Many have rightfully viewed 2020 as a defining moment for the United States’ path forward; however, the results of this election, which are still being recounted and verified, show something different than expected. It appears that the Republicans are likely to lose the presidency but keep the U.S. Senate — dependent upon the Georgia runoff in January that’s necessary since neither candidate received at least 50% of the vote.
In the past few months, we have seen the Democratic Party’s plan to change the rules of the game by taking two actions to solidify their power for the foreseeable future: packing the courts and admitting Washington, D.C., (and potentially Puerto Rico) as states. After the confirmation of Associate Justice of the U.S. Supreme Court Amy Coney Barrett, many Democrats, including Rep. Joe Kennedy and Rep. Alexandria Ocasio-Cortez, threatened to add seats to the Supreme Court and appoint justices with their ideological bent — judges who, as President Trump told a crowd in Toledo, Ohio on Sep. 21, would “impose a socialist vision from the bench that could never pass at the ballot box.” By adding Washington, D.C. and Puerto Rico as states, as the House Democrats tried to do earlier this year, the Democrats would gain four Senate seats, most likely swaying control of the chamber to the Democrats. Republicans controlled the Senate after the 2016 election, but had these two territories been added as states, the Democrats would have been in control.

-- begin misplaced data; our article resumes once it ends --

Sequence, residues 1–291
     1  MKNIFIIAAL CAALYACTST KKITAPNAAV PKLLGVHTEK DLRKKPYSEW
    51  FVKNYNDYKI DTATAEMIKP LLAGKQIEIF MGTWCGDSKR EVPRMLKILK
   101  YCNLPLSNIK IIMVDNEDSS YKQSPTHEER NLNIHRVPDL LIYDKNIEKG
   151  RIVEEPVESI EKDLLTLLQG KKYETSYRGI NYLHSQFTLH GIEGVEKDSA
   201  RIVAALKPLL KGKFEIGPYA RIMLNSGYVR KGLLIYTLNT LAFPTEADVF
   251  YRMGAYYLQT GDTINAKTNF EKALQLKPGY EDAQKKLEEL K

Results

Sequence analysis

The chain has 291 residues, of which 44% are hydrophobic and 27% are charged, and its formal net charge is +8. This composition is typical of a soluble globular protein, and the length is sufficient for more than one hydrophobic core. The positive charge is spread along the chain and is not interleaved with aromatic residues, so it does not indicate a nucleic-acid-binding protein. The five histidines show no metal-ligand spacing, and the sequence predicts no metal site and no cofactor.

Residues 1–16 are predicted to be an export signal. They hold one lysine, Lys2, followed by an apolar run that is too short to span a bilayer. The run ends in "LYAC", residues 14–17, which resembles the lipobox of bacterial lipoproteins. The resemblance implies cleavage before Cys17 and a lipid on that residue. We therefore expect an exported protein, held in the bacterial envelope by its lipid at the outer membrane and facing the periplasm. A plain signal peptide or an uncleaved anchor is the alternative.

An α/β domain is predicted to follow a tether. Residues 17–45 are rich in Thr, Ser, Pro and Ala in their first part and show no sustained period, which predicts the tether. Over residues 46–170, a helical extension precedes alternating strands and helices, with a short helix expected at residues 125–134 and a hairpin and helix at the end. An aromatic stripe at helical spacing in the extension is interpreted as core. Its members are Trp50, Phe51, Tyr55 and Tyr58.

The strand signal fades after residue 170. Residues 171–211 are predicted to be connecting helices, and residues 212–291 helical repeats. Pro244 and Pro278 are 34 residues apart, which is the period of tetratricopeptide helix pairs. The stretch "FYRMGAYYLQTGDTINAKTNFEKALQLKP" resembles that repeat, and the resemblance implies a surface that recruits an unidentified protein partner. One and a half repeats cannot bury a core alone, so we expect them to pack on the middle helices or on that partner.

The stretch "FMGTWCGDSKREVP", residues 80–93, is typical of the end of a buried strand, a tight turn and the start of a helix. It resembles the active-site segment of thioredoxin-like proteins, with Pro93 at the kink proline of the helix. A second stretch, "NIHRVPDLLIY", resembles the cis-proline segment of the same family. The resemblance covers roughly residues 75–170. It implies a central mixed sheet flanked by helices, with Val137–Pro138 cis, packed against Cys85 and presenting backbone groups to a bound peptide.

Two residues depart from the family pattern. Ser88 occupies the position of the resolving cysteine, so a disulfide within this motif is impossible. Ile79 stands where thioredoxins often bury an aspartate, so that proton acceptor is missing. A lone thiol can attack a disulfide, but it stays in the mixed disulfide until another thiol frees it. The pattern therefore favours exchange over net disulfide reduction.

Without the Senate, the Democrats cannot accomplish this power grab. Nancy Pelosi already tried to admit Washington, D.C., as a state, but the bill never saw the light of day in the Senate. Moreover, there is no way a Republican Senate will pass any court-packing bill.
It is true that, while Democrats have refused to support President Trump’s highly-qualified court nominees, we should unfortunately expect a Republican Senate to confirm Biden’s ideological and Constitution-ignoring judges to the courts. Republicans are often too “nice” to defend the U.S. Constitution, as we saw with their acceptance of Obama’s court appointments.
Nonetheless, the worst-case scenario seems to have been avoided. We are spared from the radical legislative agenda and will not get the Green New Deal, nor Medicare-for-All, higher taxes, or the “Equality” Act. Government will expand and executive power will be abused. I am not going to pretend that a Biden presidency is good for our nation. Nonetheless, it is not as bad as some make it out to be.
I believe Georgia is an interesting case explaining what happened. Trump is behind, but Republican Sen. Perdue maintains a lead of more than 90,000 votes. This election was a rejection, not of conservatism, but of Trump. Voters appreciated Biden’s return to normalcy campaign and a battle for civility. They do not, however, support the Democratic Party’s socialist legislative agenda as promoted by Democratic senatorial candidates Jon Ossoff and Raphael Warnock.
With Trump out, Republicans now have an opportunity to define themselves. Are they for a balanced budget and fiscal prudence? Are they for free trade? What does a conservative foreign policy look like, particularly with relation to Russia and China? Will Republicans realize that a majority of Americans value civility and hate Trump’s aggressive style? Of the 70 million Americans who voted for Trump, so many held their noses and viewed Trump as a “lesser evil.” A 2016 Pew Survey found that one-third of Trump voters voted for him because they felt there were no other options than the “greater evil” of Hillary Clinton. In October of this year, Pew found that 32% of Trump voters supported him only moderately or leaned toward him rather than strongly support. Republicans have four years to regroup. Will they be able to provide a candidate who is good, trustworthy, smart, and conservative? Only time will tell.
Josh Barker is a sophomore George Washington Fellow studying politics.